What do terms such as Wesselton and Top Wesselton stand for?

  • Which terms are there?
  • What do these terms mean?
  • Which diamonds can I buy at BAUNAT?
  • Which vocabulary is used with coloured diamonds?

When you take a look into diamonds or classic diamond jewellery, you will notice that there are various different colour gradations. These gradations, along with other factors, have a significant influence on the price of a diamond. But what do those terms you hear mean when you want to buy a diamond?

When you take a look into diamonds or classic diamond jewellery, you will notice that there are various different colour gradations. These gradations, along with other factors, have a significant influence on the price of a diamond. But what do those terms you hear mean when you want to buy a diamond?

Which terms are there?

Terms such as Wesselton are only used when people are talking about colourless or white diamonds. With coloured diamonds, people rather pay attention to the colour intensity. The general rule of thumb with colourless diamonds is ‘the whiter, the more valuable’.

Terms such as Wesselton only appear in older grading systems and are hardly used today. They have been replaced with a more accurate system using letter codes. This way, you are better informed on which diamonds you are buying.

What do these terms mean?

The old grading system was replaced by the GIA Colored Diamond Color Grading System that takes into account factors such as hue, tone and saturation. De colour of colourless diamonds is divided into 6 main categories: tinted colour, tinted white, lightly tinted white, white, fine white and finest white. These are further subdivided based on the colour intensity. Light Yellow, Very Light Yellow, Low Cape and Cape, in order from most tinted to least tinted, refer to the least coloured diamonds within the tinted colour category. These terms were replaced by the codes P-Z, O, N and M. Top Cape became tinted white with L and K as letter codes. Crystal and Top Crystal became J and I respectively and fall in the lightly tinted white category.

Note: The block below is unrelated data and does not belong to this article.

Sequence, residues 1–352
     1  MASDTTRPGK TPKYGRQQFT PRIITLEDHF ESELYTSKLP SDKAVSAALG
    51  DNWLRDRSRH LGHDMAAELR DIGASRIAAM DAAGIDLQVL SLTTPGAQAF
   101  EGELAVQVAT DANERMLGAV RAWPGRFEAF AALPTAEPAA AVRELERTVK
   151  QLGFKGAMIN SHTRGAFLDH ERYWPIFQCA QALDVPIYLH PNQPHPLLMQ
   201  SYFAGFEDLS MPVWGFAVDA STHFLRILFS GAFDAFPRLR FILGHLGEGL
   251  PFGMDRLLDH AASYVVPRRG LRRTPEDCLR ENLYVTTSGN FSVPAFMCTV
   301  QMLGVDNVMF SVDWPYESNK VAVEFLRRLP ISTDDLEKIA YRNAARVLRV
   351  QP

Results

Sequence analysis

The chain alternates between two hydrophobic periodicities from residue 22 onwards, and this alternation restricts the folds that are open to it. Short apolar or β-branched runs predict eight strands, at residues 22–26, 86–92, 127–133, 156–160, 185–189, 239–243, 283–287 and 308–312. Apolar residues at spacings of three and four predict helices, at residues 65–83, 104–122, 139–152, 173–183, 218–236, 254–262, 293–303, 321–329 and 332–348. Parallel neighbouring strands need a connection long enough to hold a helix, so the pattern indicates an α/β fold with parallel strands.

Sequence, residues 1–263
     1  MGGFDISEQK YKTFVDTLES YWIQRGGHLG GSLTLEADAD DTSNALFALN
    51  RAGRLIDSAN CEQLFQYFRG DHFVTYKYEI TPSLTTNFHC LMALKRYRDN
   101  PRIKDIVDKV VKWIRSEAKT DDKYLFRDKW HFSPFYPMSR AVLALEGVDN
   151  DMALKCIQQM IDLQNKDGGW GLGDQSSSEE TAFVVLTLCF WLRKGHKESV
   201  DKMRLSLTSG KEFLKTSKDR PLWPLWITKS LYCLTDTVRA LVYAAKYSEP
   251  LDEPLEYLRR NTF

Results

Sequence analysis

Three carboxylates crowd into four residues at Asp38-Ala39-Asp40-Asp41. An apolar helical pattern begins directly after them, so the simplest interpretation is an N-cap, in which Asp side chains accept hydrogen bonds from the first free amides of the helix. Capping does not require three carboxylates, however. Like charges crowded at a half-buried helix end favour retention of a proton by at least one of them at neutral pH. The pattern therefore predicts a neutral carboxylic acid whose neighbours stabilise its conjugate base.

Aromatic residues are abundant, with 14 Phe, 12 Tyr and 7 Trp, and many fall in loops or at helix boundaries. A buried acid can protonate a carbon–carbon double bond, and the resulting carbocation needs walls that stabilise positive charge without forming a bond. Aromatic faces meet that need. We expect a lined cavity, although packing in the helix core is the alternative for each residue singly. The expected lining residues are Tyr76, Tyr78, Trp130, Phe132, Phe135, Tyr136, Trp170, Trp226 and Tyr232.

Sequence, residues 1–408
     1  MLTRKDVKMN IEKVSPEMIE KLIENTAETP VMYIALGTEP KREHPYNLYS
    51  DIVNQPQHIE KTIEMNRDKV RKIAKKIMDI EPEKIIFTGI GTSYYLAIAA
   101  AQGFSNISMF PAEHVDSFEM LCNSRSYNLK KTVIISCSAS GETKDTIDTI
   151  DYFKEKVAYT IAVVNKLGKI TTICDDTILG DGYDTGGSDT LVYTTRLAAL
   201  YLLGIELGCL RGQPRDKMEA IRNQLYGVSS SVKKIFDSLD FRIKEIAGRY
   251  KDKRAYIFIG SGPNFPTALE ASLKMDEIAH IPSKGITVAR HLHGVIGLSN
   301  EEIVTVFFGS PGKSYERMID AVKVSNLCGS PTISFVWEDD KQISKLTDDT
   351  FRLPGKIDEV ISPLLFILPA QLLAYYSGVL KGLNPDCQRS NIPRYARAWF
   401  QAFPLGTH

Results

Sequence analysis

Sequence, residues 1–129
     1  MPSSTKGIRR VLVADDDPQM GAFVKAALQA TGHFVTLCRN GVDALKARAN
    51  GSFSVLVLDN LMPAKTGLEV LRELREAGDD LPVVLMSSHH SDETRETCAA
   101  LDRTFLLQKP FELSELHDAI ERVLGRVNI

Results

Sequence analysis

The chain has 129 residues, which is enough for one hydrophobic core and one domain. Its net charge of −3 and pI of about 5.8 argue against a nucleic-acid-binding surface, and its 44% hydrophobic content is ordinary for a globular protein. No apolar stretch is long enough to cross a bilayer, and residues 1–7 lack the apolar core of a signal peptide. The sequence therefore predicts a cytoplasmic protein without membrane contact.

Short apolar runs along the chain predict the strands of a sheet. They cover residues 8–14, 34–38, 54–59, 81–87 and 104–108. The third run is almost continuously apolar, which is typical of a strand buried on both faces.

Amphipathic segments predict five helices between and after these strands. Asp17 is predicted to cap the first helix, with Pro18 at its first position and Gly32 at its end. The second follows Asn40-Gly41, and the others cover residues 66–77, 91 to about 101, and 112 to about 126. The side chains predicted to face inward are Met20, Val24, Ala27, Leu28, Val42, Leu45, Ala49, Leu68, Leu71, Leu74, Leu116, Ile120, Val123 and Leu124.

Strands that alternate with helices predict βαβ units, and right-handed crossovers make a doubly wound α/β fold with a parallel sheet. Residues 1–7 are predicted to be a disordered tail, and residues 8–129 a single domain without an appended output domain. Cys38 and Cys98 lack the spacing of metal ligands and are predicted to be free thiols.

Starting from Wesselton, now H, you have a beautiful white diamond. With this colour grade, the slight colour tint is almost impossible to see with the naked eye if you do not have a whiter stone to compare it with. G and F are the new letter codes for Top Wesselton and River in the fine white category. D and E are the most colourless diamonds and have replaced the finest white terms River and Jager.

Which diamonds can I buy at BAUNAT?

BAUNAT standardly offers diamonds of the following quality: G-VS2-VG and H-SI1-VG. Both qualities ensure a beautiful white diamond without an obvious yellow tint and with only a few impurities, hardly visible to the naked eye. Moreover, all diamonds that BAUNAT has selected for you have an intense brilliance, as we only use diamonds that have a high score on their cut grade, a not to be underestimated quality parameter.

Of course, it is always possible to request and buy a higher quality diamond at BAUNAT.

Which vocabulary is used with coloured diamonds?

Not every client chooses a diamond with a white colour. Coloured diamonds, however, are rarer and therefore also more expensive. Red, green, purple and orange are the most uncommon colours, followed by the popular pink diamond. Because they are so unique and hard to find, these diamonds are graded using a different system. They are labelled ‘fancy’, followed by a description of their colour and colour intensity.

Which diamonds suit me? What do I pay attention to when I buy diamonds? Ask the diamond experts from BAUNAT for advice.

Colour

English term             

Old term

D

Finest white +

Jager

E

Finest white

River

F

Fine white +

River

G

Fine white

Top Wesselton

H

White

Wesselton

I

Lightly tinted white +

Top Crystal

J

Lightly tinted white

Crystal

K

Tinted white +

Top Cape

L

Tinted white

Top Cape

M

Tinted colour

Cape

N

Tinted colour

Low Cape

O

Tinted colour

Very Light Yellow

P-Z

Tinted colour

Light Yellow

 

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